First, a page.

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In the truest sense of the phrase, former Arizona basketball player Mohamed Tangara is bearing down for his native country of Mali that is in a perilous situation.
Tangara, who lettered at Arizona from 2005-08, is making a symbolic representation of Arizona and the United States of America by providing a strong positive influence on the youth of his country. In Tangara’s words, “Mali started to become a terrorist territory. I can’t let the radical group brainwash these kids.”
An example of the danger in Mali: Late last night two assailants attacked a United Nations convoy of civilian workers in the northern part of the country, killing two and wounding another, according to an Associated Press report.
With the cooperation of the University of Arizona Honors College, Tangara has a goal of collecting at least 10,000 Arizona t-shirts that he will take home with him in the coming weeks. He will give the apparel to youth in his country as a reassurance that America is an ally and a place of goodwill and opportunity.
“I have so much influence in Mali,” said Tangara, the captain of the Mali national team that is vying for an Olympic berth. “I have to do something for the youth in Mali. I want to have a talk with the youth and use my influence in Mali.
“I can do it by bringing something from the United States. I can talk to them about the United States, give them gifts from the United States and tell them the United States is your friend, not your enemy. These kids will be wearing University of Arizona t-shirts in Mali.”
Tangara and the HCA is asking for donations of any used University of Arizona apparel. All sizes and conditions are accepted. Fans can also write notes of encouragement to the children of Mali along with the apparel. Collection boxes are set up in the Slonaker House and residence hall Arbol de la Vida, C124.
Site founder and award-winning sports journalist Javier Morales has published his first e-book, “The Highest Form of Living”, a fiction piece about a young man who overcomes a troubled upbringing without his lost father and wayward mother through basketball and hope. His hope is realized through the sport he loves. Basketball enables him to get past his fears. His experience on the court indirectly brings him closer to his parents in a unique, heartfelt way. Please order it at Amazon (for only $4.99) by clicking on the photo:
Mohamed Tangara led Mali to an upset over favored Senegal in February in the FIBA AfroBasket qualifying tournament.
Tangara wrote me this note to share with readers about his project for the Mali youth:
I am really excited about this project since I am in the position to be a positive influence on the youth of Mali. I have to do something about it right now because Mali has started to become an area with radical groups. Poor, young kids are the most vulnerable to be influenced to do wrong things by these groups. Most of the kids look up to me as big brother or role model and I want to make sure they are not influenced by the wrong people.
Because of this, I want to talk with the youth in Mali while I am giving them U of A shirts. I want them to know that if it wasn’t for the opportunity provided to me by the USA and the University of Arizona, I would not be in the position to bring them something to wear, or bring them all of the other gifts I have brought them beforehand. Without the U of A, I would also not be who I am today or maybe even not have had the opportunity to play with the national team, to have the historical victory against Senegal this past February, and to qualify for the African Cup competition, which is our road to the 2016 Olympic Games.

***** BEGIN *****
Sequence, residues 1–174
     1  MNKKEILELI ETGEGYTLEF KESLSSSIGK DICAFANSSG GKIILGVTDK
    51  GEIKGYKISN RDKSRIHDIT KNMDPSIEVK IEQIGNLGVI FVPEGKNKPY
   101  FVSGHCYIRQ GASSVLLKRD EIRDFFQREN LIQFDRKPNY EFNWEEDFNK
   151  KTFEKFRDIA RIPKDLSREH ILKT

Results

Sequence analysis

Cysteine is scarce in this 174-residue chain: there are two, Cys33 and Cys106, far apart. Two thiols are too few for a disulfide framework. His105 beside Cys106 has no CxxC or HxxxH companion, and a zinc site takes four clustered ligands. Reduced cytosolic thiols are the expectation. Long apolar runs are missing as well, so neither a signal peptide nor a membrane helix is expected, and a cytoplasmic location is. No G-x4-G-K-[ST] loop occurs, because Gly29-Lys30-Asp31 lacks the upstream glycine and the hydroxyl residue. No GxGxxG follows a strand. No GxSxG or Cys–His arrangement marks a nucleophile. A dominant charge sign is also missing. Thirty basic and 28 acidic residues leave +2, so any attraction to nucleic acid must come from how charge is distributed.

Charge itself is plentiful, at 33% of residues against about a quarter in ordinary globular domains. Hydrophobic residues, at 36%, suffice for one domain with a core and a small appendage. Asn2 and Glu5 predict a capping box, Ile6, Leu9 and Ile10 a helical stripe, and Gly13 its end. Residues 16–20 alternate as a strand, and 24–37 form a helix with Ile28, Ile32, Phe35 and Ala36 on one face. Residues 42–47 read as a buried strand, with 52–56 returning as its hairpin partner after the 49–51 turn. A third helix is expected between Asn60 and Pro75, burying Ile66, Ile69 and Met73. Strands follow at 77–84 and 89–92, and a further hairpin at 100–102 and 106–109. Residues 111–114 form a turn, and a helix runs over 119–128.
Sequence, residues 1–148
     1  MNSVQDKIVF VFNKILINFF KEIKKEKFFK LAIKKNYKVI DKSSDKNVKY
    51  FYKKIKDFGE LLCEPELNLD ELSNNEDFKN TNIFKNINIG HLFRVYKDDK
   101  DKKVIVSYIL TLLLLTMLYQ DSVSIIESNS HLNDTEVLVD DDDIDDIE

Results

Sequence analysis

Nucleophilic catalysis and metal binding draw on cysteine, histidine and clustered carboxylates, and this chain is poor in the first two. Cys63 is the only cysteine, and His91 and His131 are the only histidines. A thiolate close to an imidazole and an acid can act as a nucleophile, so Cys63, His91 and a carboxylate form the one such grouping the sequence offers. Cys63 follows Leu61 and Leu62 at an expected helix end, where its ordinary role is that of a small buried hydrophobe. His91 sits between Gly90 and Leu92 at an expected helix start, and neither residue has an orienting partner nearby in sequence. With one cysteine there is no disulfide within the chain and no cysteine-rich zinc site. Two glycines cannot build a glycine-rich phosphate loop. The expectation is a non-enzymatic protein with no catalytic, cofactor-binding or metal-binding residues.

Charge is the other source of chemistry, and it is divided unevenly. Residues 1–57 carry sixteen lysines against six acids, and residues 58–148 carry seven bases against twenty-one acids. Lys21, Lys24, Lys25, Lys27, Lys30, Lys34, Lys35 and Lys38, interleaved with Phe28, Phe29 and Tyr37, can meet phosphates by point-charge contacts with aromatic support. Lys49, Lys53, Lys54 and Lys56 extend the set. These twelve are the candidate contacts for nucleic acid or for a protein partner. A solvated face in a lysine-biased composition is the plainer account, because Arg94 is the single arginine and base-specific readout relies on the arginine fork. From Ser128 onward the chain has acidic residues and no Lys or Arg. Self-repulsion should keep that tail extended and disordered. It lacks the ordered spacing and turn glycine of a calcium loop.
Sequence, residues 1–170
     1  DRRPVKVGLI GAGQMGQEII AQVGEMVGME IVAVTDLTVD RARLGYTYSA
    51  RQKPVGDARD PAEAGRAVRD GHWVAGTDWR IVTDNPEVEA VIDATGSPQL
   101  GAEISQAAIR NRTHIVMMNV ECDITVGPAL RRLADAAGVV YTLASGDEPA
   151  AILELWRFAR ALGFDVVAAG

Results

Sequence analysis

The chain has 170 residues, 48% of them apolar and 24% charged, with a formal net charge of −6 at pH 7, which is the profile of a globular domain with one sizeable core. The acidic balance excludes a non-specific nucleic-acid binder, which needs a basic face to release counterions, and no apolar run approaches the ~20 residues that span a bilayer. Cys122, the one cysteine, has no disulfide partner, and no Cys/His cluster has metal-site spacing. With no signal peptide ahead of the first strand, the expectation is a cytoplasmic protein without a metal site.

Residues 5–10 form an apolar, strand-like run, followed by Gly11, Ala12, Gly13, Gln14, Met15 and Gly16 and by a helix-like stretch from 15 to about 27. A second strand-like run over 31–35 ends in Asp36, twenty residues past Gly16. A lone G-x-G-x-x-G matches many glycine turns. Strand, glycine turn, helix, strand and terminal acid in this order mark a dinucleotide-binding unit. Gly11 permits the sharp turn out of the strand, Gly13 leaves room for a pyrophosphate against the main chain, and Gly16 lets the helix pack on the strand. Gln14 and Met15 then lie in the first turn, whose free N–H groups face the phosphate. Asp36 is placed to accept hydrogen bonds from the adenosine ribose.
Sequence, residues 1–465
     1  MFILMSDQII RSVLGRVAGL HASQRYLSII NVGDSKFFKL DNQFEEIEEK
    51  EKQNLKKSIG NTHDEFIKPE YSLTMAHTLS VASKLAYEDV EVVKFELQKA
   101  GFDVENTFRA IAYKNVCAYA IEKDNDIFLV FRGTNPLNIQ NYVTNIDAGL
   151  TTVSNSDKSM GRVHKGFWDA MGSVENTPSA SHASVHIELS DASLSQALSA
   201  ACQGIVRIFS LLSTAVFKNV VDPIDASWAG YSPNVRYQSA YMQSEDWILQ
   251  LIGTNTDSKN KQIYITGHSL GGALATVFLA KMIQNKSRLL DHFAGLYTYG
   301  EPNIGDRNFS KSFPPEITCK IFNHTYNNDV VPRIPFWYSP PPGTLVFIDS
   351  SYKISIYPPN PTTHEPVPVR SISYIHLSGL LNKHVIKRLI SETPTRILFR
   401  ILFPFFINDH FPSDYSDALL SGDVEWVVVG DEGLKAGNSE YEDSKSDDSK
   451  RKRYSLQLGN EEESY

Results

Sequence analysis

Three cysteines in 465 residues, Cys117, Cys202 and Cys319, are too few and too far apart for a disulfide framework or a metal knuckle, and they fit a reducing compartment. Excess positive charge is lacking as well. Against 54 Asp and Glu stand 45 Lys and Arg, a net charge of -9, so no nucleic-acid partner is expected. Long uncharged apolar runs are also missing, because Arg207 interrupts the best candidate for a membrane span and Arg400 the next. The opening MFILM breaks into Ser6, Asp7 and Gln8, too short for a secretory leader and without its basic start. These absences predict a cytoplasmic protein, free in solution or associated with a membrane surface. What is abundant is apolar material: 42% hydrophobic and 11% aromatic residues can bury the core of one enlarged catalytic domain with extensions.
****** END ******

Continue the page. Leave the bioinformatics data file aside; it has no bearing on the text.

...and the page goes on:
I believe bringing them U of A shirts from the USA to wear will help to tell them that they have friends in the USA, not enemies because these kids will listen to me and believe me. I can’t wait to see these kids wearing University of Arizona t-shirts. I am glad to have Rachel Barnitt on my side to manage this project because her family started the first collection of Wildcat shirts. Arizona, let’s make this happen, I believe we can do it!
MOHAMED TANGARA’S BASKETBALL CAREER
Tangara, 30, knows about the hope America provides for the citizens of Mali. He grew up in third-world conditions in Bamako, Mali, as part of a 10-member family. He left to the United States in 2000 to attend the Mount Zion Christian Academy in Durham, N.C.
That is where he got noticed by former Arizona coach Lute Olson. In Tangara’s season season at Mount Zion he averaged 13 points and 15 rebounds a game. He signed with Arizona in November 2003 and began his career with the Wildcats in the 2004-05 season.
Tangara was mostly a reserve in his career at Arizona after gaining a medical hardship his freshman season because of a back injury. He concluded his career at Division II Chaminade College in Hawaii as a senior in 2008-09. Before leaving to Chaminade, he earned a bachelor’s degree in science at Arizona in May 2008.
After earning first-team All-Pac West honors at Chaminade, Tangara has continued his basketball pursuits overseas. He has played professionally in Morocco, Spain, Libya, Tunisia, Qatar and Angola. Last November, he was selected by the Bakersfield (Calif.) Jam in the sixth round of the NBA Developmental League but was let go before the season.
Tangara led Mali past Senegal in the qualifying round of the FIBA AfroBasket tournament in February. It was the first time in 26 years Mali beat Senegal in two games to move on to the continental competition for the right to participate in the Olympics. The tournament takes place Aug. 19-31 in Tunisia.